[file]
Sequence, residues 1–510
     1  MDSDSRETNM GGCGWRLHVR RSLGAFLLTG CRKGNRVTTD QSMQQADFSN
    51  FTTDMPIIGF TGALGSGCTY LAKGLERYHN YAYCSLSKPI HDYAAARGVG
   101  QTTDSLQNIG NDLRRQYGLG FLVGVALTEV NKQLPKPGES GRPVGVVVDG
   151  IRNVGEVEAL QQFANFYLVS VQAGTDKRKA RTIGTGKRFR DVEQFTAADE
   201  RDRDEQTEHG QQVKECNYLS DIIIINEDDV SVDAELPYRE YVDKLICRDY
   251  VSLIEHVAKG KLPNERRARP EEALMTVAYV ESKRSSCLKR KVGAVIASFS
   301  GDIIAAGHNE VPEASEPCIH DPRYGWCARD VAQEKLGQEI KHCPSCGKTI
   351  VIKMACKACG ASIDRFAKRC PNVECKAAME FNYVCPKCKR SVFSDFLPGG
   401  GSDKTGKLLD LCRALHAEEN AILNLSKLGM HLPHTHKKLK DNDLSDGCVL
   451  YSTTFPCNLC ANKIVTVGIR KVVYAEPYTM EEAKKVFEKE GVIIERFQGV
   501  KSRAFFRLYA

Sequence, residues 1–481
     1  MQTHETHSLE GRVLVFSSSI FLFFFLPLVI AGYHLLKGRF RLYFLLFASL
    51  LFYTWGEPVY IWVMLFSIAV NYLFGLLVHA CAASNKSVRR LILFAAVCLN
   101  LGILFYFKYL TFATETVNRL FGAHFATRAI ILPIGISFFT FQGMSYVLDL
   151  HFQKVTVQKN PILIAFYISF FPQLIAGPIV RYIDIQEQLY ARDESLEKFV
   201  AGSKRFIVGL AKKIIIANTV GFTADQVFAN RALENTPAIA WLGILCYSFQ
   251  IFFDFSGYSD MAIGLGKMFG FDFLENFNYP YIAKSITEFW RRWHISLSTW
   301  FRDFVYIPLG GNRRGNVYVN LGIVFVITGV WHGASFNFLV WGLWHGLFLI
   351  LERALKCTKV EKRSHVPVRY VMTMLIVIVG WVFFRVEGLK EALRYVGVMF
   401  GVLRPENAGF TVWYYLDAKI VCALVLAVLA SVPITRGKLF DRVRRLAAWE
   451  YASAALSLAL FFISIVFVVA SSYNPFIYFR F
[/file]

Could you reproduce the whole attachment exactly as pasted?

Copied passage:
Sequence, residues 1–510
     1  MDSDSRETNM GGCGWRLHVR RSLGAFLLTG CRKGNRVTTD QSMQQADFSN
    51  FTTDMPIIGF TGALGSGCTY LAKGLERYHN YAYCSLSKPI HDYAAARGVG
   101  QTTDSLQNIG NDLRRQYGLG FLVGVALTEV NKQLPKPGES GRPVGVVVDG
   151  IRNVGEVEAL QQFANFYLVS VQAGTDKRKA RTIGTGKRFR DVEQFTAADE
   201  RDRDEQTEHG QQVKECNYLS DIIIINEDDV SVDAELPYRE YVDKLICRDY
   251  VSLIEHVAKG KLPNERRARP EEALMTVAYV ESKRSSCLKR KVGAVIASFS
   301  GDIIAAGHNE VPEASEPCIH DPRYGWCARD VAQEKLGQEI KHCPSCGKTI
   351  VIKMACKACG ASIDRFAKRC PNVECKAAME FNYVCPKCKR SVFSDFLPGG
   401  GSDKTGKLLD LCRALHAEEN AILNLSKLGM HLPHTHKKLK DNDLSDGCVL
   451  YSTTFPCNLC ANKIVTVGIR KVVYAEPYTM EEAKKVFEKE GVIIERFQGV
   501  KSRAFFRLYA

Sequence, residues 1–481
     1  MQTHETHSLE GRVLVFSSSI FLFFFLPLVI AGYHLLKGRF RLYFLLFASL
    51  LFYTWGEPVY IWVMLFSIAV NYLFGLLVHA CAASNKSVRR LILFAAVCLN
   101  LGILFYFKYL TFATETVNRL FGAHFATRAI ILPIGISFFT FQGMSYVLDL
   151  HFQKVTVQKN PILIAFYISF FPQLIAGPIV RYIDIQEQLY ARDESLEKFV
   201  AGSKRFIVGL AKKIIIANTV GFTADQVFAN RALENTPAIA WLGILCYSFQ
   251  IFFDFSGYSD MAIGLGKMFG FDFLENFNYP YIAKSITEFW RRWHISLSTW
   301  FRDFVYIPLG GNRRGNVYVN LGIVFVITGV WHGASFNFLV WGLWHGLFLI
   351  LERALKCTKV EKRSHVPVRY VMTMLIVIVG WVFFRVEGLK EALRYVGVMF
   401  GVLRPENAGF TVWYYLDAKI VCALVLAVLA SVPITRGKLF DRVRRLAAWE
   451  YASAALSLAL FFISIVFVVA SSYNPFIYFR F